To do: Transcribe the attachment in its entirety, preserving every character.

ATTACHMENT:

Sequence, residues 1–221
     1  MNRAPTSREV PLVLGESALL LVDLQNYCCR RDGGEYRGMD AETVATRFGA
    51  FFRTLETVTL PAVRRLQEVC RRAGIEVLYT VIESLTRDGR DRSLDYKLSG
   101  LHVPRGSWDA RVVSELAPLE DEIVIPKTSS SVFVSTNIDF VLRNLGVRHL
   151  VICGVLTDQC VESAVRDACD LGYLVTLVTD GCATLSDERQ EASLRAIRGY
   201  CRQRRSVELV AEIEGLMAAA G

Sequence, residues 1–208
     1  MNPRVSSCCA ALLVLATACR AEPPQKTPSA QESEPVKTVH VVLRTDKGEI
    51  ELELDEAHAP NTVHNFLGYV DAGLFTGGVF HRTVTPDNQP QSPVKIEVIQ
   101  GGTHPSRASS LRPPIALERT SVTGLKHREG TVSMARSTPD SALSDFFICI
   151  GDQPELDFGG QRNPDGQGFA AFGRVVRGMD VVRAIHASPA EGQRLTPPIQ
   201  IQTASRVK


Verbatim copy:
Sequence, residues 1–221
     1  MNRAPTSREV PLVLGESALL LVDLQNYCCR RDGGEYRGMD AETVATRFGA
    51  FFRTLETVTL PAVRRLQEVC RRAGIEVLYT VIESLTRDGR DRSLDYKLSG
   101  LHVPRGSWDA RVVSELAPLE DEIVIPKTSS SVFVSTNIDF VLRNLGVRHL
   151  VICGVLTDQC VESAVRDACD LGYLVTLVTD GCATLSDERQ EASLRAIRGY
   201  CRQRRSVELV AEIEGLMAAA G

Sequence, residues 1–208
     1  MNPRVSSCCA ALLVLATACR AEPPQKTPSA QESEPVKTVH VVLRTDKGEI
    51  ELELDEAHAP NTVHNFLGYV DAGLFTGGVF HRTVTPDNQP QSPVKIEVIQ
   101  GGTHPSRASS LRPPIALERT SVTGLKHREG TVSMARSTPD SALSDFFICI
   151  GDQPELDFGG QRNPDGQGFA AFGRVVRGMD VVRAIHASPA EGQRLTPPIQ
   201  IQTASRVK